It was one of many ideas drummed up by Topps decades ago to create more sales. There had been pins, stand-ups, posters, stamps and glossies. For two years, the company gave its standard cards the super size treatment, creating sets that filled up a good chunk of the shoebox. The 1971 Topps Super baseball set would be the end of the brief experiment. Today, they may just be some of the most underrated gum company sidebar sets of all time.
1971 Topps Super Baseball Basics
The “Super” concept was born in 1969, although the look wasn’t much like the two sets that followed. Distributed in a very limited area, it looked much like the 1970 Super Glossy football card inserts.
While they shared the rounded corner, borderless design concept, the 1970 and ’71 Super sets were much different. The size (3 1/8″ x 5 1/4″) was much along the lines of the 1964 Topps Giants set and the card stock was the heaviest Topps had ever used. Most of the photos used were posed shots. Topps also produced a Super football set in the fall of 1970.
1971 Topps Supers were distributed in three-card packs for ten cents. Your odds of pulling a player who would eventually be elected to the Hall of Fame were pretty good. Of the 63 players on the checklist, 20 have been inducted. The checklist was built around the game’s best players at the time. Hank Aaron, Willie Mays and Roberto Clemente are all part of the set.
Condition Sensitive…Sort Of
In contrast to the 1970 set, which had just 42 cards including several single prints, the 1971 set had equal distribution and the cards are a bit more plentiful today, keeping prices somewhat in check.
The borderless cards are prone to scuffing and chipping but grading company population reports show a fair percentage of high-grade examples. In fact, of the 6,300 cards examined by PSA to date, 1,653 (over 26%) have graded 9 or 10 and 34% rate NM/MT 8.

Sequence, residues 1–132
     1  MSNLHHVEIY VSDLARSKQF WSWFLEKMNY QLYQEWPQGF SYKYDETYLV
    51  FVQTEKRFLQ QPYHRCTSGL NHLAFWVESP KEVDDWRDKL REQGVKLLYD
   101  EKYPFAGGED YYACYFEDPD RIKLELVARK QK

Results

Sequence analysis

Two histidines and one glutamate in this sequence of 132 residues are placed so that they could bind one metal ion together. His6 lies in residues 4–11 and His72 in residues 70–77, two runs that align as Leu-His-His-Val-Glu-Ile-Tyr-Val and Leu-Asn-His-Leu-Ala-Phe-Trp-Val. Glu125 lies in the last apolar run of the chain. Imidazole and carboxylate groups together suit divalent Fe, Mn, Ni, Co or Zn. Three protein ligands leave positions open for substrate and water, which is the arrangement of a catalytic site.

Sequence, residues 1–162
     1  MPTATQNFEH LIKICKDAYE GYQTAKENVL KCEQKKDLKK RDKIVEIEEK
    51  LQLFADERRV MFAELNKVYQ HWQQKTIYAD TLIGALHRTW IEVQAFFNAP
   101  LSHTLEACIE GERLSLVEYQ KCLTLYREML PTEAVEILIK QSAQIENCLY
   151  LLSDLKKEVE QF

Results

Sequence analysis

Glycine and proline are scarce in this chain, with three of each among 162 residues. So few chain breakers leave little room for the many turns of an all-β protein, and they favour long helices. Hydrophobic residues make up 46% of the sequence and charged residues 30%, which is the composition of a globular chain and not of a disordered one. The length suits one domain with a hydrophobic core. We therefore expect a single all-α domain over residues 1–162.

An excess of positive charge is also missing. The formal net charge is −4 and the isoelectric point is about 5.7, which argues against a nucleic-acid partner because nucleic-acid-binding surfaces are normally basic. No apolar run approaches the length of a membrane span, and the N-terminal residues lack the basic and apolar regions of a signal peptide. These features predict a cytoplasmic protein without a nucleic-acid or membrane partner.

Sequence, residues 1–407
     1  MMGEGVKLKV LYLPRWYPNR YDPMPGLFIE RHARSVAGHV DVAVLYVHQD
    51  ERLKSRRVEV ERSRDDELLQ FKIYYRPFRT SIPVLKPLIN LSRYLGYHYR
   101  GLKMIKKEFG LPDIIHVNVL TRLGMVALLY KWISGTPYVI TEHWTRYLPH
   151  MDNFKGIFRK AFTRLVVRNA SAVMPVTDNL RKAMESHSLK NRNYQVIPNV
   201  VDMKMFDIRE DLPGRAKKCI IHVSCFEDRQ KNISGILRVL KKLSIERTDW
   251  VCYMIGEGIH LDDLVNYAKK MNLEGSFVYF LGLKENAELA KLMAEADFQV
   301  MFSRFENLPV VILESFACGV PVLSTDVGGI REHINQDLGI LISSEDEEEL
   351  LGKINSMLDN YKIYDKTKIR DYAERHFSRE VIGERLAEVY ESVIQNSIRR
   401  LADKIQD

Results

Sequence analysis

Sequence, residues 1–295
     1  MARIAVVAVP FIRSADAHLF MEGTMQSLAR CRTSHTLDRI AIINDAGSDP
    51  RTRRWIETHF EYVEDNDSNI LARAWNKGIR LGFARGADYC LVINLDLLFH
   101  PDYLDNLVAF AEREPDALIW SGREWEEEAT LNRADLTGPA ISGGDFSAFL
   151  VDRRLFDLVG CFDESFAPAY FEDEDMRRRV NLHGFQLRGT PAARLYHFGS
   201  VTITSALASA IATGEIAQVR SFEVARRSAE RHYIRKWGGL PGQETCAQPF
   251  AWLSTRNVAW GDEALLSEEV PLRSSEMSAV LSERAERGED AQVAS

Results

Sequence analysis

Among the most difficult cards to find in top shape are Lou Piniella, Reggie Smith, Felix Millan, Dave McNally, Willie McCovey, Tim McCarter, Tony Oliva and Larry Dierker. Reggie Jackson and Ron Santo are two other Hall of Famers who can be a challenge. In 2017, the number one rated 1971 Topps Super set on PSA’s Registry, one with 22 cards graded Gem Mint 10 and the rest Mint 9, sold for a whopping $25,399.
If you’re not into chasing the best of the best, though, the 1971 Topps Super baseball set is budget friendly for most of us, considering the age and the quality of the players on the checklist. Complete, ungraded, crease-free sets with limited wear can be found for $250-$350, sometimes less. If you want to tackle it card-by-card, some of the Hall of Famers in respectable shape are available for under $10 with commons running a third of that or even less when purchased in lots. A near mint Aaron recently sold for $30. You can see what’s currently being offered on eBay here.
Square-cornered proof cards exist and prices are significantly higher.
Whether they were too expensive to produce, didn’t sell well enough or Topps simply decided to focus on their bread and butter isn’t known but collectors today seem to appreciate what was created when Topps decided to “go big.”